¶4 The following rules stated in 18 Am. Jur. Election of Remedies, beginning at paragraph 11, are here applicable:
"The doctrine of election of remedies is applicable only where there are two or more coexistent remedies available to the litigant at the time of the election which are repugnant and inconsistent. . . .
"It is well settled that the rule of conclusive election of remedies does not apply where the available remedies are cumulative and consistent."
¶5 The same text in reference to the test of inconsistency states:
"It has been said that the so-called 'inconsistency of remedies' is not in reality an inconsistency between remedies themselves, but must be taken to mean that a certain state of facts relied on as the basis of a certain remedy is inconsistent with, and repugnant to another state of facts relied on as the basis of another remedy . . .
"Two modes of redress are inconsistent if the assertions of one involves the negation or repudiation of the other, as where one of them admits a state of facts and the other denies the same facts . . ."
¶6 As a basis for the relief sought herein plaintiff asserted title carrying as an element of ownership a right of possession. In the former action in forcible entry and detainer plaintiff alleged ownership and that the defendant had made forcible entry and was unlawfully detaining possession of the premises. Whether or not both remedies were available to the plaintiff at the time he chose to proceed with an action in forcible entry and detainer, it does not appear that the facts relied upon in that action and in the instant action are inconsistent and the rule of conclusive election of remedies has no application.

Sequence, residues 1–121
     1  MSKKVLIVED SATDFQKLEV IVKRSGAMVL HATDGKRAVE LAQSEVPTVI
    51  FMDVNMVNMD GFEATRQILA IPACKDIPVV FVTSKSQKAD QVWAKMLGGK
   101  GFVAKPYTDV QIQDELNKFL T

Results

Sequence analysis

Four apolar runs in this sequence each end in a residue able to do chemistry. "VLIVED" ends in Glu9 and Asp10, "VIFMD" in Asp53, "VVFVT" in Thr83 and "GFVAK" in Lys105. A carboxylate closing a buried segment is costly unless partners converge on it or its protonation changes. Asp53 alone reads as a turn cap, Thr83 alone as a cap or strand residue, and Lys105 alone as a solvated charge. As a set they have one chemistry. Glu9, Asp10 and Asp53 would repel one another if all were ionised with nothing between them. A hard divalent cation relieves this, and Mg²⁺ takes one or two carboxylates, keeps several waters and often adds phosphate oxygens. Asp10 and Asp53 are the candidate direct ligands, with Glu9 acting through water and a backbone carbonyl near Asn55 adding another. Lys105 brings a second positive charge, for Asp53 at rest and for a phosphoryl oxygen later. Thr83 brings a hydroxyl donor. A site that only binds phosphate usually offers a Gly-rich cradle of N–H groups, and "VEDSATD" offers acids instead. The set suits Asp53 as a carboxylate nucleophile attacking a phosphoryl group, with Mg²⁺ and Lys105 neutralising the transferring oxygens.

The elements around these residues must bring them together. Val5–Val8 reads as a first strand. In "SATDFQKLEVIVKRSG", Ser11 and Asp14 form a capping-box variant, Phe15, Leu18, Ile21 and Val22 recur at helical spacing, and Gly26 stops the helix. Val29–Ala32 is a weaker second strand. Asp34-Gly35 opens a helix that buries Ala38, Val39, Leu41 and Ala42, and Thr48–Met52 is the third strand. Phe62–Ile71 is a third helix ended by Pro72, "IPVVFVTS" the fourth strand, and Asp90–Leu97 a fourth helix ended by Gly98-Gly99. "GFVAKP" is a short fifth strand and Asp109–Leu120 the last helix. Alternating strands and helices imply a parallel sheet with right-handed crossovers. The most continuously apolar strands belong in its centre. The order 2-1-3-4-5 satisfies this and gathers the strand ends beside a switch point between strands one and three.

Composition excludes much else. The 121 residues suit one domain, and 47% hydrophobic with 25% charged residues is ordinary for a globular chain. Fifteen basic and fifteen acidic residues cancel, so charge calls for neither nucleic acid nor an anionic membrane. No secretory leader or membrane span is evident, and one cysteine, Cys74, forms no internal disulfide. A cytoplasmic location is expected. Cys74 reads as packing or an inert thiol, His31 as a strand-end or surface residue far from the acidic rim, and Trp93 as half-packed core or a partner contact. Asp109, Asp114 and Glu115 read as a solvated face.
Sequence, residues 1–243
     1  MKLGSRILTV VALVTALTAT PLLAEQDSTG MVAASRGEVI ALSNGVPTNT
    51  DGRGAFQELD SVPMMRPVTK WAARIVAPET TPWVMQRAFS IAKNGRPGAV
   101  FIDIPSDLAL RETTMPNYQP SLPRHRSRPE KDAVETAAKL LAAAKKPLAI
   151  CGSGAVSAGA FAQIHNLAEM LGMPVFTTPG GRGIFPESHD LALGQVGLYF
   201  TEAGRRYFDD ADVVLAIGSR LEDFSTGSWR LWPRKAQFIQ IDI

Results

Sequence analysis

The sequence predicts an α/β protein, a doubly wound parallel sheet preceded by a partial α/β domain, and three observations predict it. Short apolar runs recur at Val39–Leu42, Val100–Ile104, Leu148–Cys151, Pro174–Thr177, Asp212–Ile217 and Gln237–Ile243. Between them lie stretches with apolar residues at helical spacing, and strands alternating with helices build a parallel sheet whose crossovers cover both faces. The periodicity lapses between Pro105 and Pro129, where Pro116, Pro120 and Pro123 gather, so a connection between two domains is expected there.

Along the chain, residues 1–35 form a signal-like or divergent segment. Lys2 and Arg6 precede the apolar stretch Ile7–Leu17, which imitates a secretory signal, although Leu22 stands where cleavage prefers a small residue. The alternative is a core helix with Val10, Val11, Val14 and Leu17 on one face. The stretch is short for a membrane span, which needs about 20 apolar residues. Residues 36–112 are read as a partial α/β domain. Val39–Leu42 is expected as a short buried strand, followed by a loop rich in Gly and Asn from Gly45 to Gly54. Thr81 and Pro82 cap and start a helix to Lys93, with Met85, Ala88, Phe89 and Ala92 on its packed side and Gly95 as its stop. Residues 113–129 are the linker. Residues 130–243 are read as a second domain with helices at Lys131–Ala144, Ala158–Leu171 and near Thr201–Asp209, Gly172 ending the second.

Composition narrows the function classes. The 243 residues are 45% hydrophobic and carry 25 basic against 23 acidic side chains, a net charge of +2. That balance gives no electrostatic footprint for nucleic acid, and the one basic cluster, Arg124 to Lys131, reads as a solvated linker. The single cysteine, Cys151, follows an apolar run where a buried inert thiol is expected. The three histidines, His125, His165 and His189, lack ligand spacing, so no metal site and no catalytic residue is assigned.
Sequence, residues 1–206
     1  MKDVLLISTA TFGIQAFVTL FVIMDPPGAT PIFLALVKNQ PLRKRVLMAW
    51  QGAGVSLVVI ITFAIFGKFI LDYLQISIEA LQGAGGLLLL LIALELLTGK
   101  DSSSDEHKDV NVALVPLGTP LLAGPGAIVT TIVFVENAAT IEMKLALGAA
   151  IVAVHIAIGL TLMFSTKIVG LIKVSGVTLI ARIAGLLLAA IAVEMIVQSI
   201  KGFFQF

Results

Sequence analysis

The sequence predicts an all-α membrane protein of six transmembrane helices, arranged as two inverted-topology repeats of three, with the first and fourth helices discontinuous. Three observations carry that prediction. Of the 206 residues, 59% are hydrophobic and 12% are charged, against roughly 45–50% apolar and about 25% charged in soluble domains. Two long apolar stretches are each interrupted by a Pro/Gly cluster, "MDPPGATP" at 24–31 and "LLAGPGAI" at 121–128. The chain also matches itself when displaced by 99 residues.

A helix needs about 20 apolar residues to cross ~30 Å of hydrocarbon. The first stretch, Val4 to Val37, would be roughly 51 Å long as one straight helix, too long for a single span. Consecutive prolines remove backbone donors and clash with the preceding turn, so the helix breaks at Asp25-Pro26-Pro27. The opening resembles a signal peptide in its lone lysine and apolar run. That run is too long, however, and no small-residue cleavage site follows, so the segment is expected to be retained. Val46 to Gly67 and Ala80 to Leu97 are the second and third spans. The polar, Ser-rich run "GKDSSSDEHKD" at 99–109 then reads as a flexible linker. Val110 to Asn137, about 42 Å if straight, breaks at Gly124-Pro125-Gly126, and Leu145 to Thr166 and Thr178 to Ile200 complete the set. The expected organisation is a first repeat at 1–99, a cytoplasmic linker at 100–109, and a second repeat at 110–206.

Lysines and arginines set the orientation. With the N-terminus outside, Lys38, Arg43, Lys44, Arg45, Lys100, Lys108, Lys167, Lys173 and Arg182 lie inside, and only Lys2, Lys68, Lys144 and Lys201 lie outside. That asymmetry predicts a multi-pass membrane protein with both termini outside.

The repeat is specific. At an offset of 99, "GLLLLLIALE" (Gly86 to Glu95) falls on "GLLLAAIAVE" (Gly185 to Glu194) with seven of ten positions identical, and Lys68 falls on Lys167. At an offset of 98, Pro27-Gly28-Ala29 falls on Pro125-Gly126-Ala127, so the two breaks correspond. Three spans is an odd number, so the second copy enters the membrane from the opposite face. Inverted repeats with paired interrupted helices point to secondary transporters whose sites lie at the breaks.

¶7 Although forcible entry and detainer and ejectment are both possessory actions, the causes of action are not the same. Ejectment may be maintained on proof of title carrying as an element of ownership a right of possession and enjoyment. Forcible entry and unlawful detainer is a summary action specifically designed to oust a holdover tenant or trespasser, and to apply only to the situations covered by the statute. 39 O.S. 1941 §§ 391-2-3.
¶8 In an action in forcible entry and detainer, the sole question involved and the only issue that can be determined is the right of possession, and the question of title or the right of title cannot be determined in such actions. Montgomery v. Hill, 80 Okla. 230, 195 P. 897, and Coddington v. Andrews, 179 Okla. 63, 64 P.2d 666.
¶9 Recognizing the character and limitation of the issues that can be determined in such action, the Legislature expressly provided that judgments in actions in forcible entry and detainer shall not be a bar to any other action brought by either party. Zahn v. Obert, 24 Okla. 159, 103 P. 702.
¶10 39 O. S. 1941 § 394, chap. 13, Forcible Entry and Detainer, provides:
"Judgments, either before a justice or in the district court, in actions brought under this article, shall not be a bar to any other action brought by either party."
¶11 Thus, by reason of statute, the rule of res judicata could have no application herein.
¶12 The judgment is affirmed.